Is There Such a Thing as Buying a Safe Foreclosure?

This is a guest post by Global Finance School’s Aaron Huber.

In a recent article that appeared on CNBCIs It Safe to Buy a Foreclosure?” the following advice was offered:

It’s safe to buy a previously foreclosed-upon house if title insurance is available on it, experts say….As long as the new lender and new owner have title insurance, the former owner can’t seize the home back. The new owner will keep the house, and the displaced former owner might be compensated with money.

This story was a real wake up call for me on just how far the housing market has fallen, even from other past post-bubble lows.

Back in 2007–2008, buying a foreclosure was something savvy buyers would look into in order to get a decent house at a heavily discounted price. Buyers at that time essentially had two options – buy a house from a previous owner or buy a bank-owned property.

Flash forward to 2010 and you’ll be hard pressed to find any home buyers who are looking at non-bank owned properties. The main reason for this that foreclosed properties have almost completely saturated the market.

Consider the following figure from RealtyTrac: In the US, one out of every 389 US households with a mortgage is in foreclosure. In the most troubled states such as California and Florida (which also contain a high percentage of our nation’s housing stock), the rate shoots up to one in every 79 homes.

With this in mind the article from CNBC should have been titled “How to Stay Safe When you buy a Foreclosure”, because if you buy a home, chances are it will be a foreclosure.

The crux of the CNBC article touched on the scary trend of new owners being sued by former owners who were given the boot by their bank without proper due diligence and legal procedures being followed. The huge “robo-signing” scandal may only be the tip of the iceberg. We’ll see the rest after Congress gets finished grilling mortgage industry and banking executives on what went wrong with their internal procedures.

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Title insurance, as the excerpt above states, is probably the best solution to this problem. I have another solution: Don’t buy a house.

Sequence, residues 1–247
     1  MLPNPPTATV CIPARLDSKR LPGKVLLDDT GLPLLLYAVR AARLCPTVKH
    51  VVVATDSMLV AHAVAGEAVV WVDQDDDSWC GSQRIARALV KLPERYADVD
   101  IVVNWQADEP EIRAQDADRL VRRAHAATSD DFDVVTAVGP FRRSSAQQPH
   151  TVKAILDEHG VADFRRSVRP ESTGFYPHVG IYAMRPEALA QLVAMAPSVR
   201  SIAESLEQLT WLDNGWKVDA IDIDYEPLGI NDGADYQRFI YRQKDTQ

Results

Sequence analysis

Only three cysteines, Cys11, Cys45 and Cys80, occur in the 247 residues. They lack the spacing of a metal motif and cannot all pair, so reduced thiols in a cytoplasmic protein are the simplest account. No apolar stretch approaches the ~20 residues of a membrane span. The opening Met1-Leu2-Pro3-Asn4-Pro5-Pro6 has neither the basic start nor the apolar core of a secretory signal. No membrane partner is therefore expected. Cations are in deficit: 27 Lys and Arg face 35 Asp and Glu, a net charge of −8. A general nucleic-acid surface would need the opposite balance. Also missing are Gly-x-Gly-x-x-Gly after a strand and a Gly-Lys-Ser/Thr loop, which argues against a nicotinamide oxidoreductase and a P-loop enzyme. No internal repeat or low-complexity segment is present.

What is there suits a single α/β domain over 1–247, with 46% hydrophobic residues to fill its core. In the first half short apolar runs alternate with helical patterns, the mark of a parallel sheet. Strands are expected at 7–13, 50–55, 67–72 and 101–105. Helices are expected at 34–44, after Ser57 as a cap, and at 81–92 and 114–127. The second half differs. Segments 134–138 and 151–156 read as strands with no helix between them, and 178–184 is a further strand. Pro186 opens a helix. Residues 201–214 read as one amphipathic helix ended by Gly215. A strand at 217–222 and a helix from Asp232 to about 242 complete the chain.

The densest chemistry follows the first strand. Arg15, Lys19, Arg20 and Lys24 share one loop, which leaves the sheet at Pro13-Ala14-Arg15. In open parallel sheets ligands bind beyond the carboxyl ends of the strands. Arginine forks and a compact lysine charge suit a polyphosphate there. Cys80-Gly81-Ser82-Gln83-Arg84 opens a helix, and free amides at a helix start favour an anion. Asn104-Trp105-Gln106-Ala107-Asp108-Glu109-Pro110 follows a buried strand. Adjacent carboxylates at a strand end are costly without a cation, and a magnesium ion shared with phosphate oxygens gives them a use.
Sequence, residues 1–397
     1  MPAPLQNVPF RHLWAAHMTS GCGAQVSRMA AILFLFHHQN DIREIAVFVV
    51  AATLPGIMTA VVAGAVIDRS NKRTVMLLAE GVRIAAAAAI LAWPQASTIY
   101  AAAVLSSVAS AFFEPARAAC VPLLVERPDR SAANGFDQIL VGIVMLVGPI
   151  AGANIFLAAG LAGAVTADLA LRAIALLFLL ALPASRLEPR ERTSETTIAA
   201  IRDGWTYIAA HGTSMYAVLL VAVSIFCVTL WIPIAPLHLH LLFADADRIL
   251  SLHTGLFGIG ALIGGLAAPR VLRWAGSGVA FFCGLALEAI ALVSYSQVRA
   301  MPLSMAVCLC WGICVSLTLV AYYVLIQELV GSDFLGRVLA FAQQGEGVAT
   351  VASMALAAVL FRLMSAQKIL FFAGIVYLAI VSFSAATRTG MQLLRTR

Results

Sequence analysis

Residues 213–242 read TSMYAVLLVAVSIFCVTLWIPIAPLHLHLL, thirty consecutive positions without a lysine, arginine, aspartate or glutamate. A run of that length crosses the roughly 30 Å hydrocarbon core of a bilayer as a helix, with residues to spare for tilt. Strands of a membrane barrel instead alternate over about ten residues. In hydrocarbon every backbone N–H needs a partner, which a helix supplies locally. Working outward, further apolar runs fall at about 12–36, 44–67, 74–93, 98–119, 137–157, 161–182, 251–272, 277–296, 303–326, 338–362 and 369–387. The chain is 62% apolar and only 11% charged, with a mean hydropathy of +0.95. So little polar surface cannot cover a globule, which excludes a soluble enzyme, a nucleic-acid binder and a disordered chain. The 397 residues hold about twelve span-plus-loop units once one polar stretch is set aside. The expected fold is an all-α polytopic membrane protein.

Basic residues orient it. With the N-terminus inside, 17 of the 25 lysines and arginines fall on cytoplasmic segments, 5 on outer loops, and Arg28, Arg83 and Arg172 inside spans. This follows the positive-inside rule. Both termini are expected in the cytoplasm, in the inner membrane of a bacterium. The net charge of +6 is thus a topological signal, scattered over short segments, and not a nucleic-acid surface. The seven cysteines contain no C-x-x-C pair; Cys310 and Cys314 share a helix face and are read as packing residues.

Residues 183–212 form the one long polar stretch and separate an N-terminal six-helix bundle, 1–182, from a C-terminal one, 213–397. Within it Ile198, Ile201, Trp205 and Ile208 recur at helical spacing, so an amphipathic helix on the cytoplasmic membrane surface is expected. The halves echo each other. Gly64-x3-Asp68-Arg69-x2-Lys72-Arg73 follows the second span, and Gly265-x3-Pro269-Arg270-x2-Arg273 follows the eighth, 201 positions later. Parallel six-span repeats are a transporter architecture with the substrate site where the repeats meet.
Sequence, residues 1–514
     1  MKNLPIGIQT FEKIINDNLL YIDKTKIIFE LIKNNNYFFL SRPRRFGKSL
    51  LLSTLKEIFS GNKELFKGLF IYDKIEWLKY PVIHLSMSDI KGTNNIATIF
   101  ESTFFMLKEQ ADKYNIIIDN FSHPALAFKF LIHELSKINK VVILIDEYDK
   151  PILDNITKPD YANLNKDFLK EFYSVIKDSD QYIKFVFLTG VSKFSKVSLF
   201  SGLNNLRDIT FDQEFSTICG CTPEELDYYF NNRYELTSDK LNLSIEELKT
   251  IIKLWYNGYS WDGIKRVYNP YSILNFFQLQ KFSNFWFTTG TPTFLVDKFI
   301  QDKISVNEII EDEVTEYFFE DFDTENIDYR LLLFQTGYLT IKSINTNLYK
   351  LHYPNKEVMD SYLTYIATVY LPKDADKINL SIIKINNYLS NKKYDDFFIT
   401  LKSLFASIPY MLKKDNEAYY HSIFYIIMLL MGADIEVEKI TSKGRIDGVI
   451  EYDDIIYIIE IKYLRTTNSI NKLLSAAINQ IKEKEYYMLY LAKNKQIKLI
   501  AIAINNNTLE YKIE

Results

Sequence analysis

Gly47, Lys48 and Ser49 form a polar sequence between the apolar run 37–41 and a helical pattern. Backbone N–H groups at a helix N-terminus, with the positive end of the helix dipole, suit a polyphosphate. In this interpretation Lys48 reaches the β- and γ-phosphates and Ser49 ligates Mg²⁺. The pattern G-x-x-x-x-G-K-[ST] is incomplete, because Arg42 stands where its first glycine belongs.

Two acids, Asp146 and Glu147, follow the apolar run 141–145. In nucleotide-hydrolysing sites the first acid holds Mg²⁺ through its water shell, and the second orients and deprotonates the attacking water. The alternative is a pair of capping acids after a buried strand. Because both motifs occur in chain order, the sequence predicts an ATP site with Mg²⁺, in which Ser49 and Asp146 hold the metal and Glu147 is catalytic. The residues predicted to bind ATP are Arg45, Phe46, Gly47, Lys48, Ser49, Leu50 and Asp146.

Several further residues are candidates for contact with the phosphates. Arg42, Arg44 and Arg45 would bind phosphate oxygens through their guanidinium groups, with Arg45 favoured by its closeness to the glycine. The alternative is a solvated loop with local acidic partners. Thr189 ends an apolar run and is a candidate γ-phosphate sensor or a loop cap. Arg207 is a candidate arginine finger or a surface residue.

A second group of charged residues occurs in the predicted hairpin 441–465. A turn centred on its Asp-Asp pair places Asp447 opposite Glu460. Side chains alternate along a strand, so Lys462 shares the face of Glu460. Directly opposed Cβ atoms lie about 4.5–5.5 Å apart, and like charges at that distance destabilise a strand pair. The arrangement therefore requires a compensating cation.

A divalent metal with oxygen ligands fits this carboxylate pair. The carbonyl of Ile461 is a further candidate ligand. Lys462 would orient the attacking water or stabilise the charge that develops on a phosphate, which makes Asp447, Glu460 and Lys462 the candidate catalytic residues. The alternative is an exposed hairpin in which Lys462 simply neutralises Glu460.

The real estate market is still a basket case. If you prefer not to get dragged down in complicated legal proceedings, you should simply look into renting.

I know, many people still claim that renting is throwing your money down the drain, but no matter how dysfunctional the housing market becomes – just when you think we can’t hit a new low, there it comes and takes everyone by surprise.

If you’re intent on purchasing a new house, you owe it to yourself to at least wait until the congressional hearings on the mortgage industry have reached some sort of conclusion. There are a lot of lawyers in the US and they are all salivating about being able to bring lawsuits surrounding the hundreds of thousands of foreclosures filed in the US since the beginning of the financial crisis. I’ll be sitting this one out on the sidelines from my rented apartment. Won’t you join me?

About the Author: Aaron Huber is a staff writer for Global Finance School. Global Finance School is a leader in producing interactive e-learning courses on finance, accounting, and economics.

Written by Drea Knufken

Drea Knufken

Currently, I create and execute content- and PR strategies for clients, including thought leadership and messaging. I also ghostwrite and produce press releases, white papers, case studies and other collateral.